Moneyless, Will weld for jeep accessories.
 
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Discussion Starter · #4 ·
hmmm. Thanks for the advice. I can't trim the rear fenders-where the clearance problem is-because there is a rail for the sliding door. I guess I'll have to save my pennies a while longer....

--Laugh and the world laughs with you. Cry and the world laughs at you.
 
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Discussion Starter · #5 ·
if you do go with add a leaves get the full length ones not the short stubby ones.

80 cj7 304, WC t-5
 

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I ran the short stubby add-a-leafs for about a year in my YJ. When I put my V8 in, my stock front springs inverted! It was my daily driver and I needed to get it on the road asap so I found some add-a-leafs for $50 and slapped them in front and rear. The ride did get a little rougher and any flex that was there was gone but hey, I was on the road! It is a quick and easy mod that is a short term remedy. I like my 4" BDS lift that I have now but they really don't flex much more than the add-a-leafs, believe it or not.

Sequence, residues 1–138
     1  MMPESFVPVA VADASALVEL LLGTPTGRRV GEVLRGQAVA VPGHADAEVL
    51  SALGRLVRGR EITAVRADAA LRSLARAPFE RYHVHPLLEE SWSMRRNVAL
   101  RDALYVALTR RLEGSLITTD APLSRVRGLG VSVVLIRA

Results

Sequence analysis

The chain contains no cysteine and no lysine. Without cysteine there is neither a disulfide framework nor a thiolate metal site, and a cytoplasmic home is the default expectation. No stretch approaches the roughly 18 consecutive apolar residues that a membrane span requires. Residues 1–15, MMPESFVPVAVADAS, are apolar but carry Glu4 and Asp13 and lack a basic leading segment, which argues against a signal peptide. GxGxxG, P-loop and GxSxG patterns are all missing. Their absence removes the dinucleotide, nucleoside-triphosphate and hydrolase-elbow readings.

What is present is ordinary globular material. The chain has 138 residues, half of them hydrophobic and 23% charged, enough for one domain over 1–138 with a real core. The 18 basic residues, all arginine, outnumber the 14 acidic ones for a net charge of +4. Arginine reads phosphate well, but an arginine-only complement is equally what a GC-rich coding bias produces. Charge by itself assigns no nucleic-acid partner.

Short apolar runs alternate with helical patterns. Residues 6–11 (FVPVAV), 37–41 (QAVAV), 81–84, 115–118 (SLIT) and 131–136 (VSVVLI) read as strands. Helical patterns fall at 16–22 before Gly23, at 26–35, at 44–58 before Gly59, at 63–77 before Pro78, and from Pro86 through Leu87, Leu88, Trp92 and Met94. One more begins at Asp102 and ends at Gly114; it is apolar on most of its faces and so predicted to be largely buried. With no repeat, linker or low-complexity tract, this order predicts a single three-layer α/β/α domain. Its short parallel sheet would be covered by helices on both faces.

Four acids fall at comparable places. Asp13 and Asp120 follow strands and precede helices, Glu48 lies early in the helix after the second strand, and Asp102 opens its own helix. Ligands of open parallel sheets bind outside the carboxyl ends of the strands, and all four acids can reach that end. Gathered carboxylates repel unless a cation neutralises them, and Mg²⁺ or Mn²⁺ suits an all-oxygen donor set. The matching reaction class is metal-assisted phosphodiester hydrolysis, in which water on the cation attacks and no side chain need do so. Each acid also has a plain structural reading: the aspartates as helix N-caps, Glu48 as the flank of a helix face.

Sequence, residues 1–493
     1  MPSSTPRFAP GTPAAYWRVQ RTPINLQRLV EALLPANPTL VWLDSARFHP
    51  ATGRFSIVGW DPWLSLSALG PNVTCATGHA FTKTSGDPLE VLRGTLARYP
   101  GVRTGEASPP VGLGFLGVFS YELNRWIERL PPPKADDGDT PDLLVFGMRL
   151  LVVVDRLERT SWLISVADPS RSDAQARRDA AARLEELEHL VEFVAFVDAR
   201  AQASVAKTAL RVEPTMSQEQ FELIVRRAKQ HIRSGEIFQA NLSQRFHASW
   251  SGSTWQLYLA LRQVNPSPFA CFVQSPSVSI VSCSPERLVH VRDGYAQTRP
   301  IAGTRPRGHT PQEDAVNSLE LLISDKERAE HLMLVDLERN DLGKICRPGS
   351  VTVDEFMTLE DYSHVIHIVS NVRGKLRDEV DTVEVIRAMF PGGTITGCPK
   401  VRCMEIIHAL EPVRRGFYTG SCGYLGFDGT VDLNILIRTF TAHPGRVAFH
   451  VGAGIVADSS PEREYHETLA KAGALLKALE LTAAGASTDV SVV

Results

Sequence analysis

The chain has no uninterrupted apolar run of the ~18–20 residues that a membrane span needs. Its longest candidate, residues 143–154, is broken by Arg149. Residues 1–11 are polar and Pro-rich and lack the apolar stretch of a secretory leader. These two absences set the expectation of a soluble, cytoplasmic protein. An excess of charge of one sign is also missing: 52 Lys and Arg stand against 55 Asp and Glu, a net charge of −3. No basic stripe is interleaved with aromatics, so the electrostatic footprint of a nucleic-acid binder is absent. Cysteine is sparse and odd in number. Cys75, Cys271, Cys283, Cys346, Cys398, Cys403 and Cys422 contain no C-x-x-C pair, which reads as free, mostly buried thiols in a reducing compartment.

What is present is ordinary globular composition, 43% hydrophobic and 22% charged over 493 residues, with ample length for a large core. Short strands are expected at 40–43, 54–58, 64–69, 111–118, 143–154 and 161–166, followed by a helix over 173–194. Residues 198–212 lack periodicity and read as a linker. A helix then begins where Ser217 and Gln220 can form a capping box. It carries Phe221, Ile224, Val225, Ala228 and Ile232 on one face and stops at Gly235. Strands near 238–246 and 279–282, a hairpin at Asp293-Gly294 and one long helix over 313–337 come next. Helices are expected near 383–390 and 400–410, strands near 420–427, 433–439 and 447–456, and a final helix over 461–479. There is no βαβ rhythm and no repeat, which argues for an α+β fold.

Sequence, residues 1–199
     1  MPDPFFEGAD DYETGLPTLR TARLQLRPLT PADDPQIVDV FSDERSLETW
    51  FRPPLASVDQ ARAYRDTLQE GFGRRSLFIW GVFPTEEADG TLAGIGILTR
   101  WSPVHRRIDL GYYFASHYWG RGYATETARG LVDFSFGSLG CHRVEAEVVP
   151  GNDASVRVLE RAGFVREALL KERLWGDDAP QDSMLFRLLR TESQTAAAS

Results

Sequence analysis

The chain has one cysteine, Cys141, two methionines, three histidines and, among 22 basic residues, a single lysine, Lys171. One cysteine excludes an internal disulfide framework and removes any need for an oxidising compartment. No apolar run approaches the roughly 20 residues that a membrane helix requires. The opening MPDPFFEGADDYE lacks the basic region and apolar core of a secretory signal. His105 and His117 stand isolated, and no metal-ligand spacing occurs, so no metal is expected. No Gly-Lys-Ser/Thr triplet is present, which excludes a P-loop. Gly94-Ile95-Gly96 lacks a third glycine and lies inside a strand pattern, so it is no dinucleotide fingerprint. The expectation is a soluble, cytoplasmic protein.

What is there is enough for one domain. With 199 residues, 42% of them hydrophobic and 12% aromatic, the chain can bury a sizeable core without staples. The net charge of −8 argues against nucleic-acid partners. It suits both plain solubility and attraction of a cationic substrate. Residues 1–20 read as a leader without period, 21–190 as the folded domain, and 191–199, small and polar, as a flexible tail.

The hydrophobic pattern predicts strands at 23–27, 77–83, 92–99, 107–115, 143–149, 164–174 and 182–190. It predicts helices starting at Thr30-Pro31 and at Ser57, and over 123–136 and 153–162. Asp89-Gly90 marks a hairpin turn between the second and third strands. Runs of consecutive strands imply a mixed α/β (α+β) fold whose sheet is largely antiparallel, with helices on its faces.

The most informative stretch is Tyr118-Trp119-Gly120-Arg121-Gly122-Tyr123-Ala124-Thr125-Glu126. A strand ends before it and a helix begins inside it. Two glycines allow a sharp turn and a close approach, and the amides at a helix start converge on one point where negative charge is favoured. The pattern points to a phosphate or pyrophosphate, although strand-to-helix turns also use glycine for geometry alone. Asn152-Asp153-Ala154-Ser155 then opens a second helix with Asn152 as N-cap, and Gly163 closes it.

IMO, put a 1" body lift on and then add-a-leafs if necessary.

/wwwthreads_images/icons/cool.gif Big Ed
'88 YJ, 4" susp,3" body,35's,283 Chevy V8,TH350,4.11's,D30,D35c
 
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Discussion Starter · #8 ·
will a 1" body lift affect any of my linkages or brake lines? I know that the e-brake line runs from the underside of the tub to the rear brakes. Won't this have to be adjusted? What about steering shaft length and angles? I've never messed with this stuff so it makes me a bit nervous.....I'm always willing to try new stuff mechanically, though.

--Laugh and the world laughs with you. Cry and the world laughs at you.
 
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Discussion Starter · #9 ·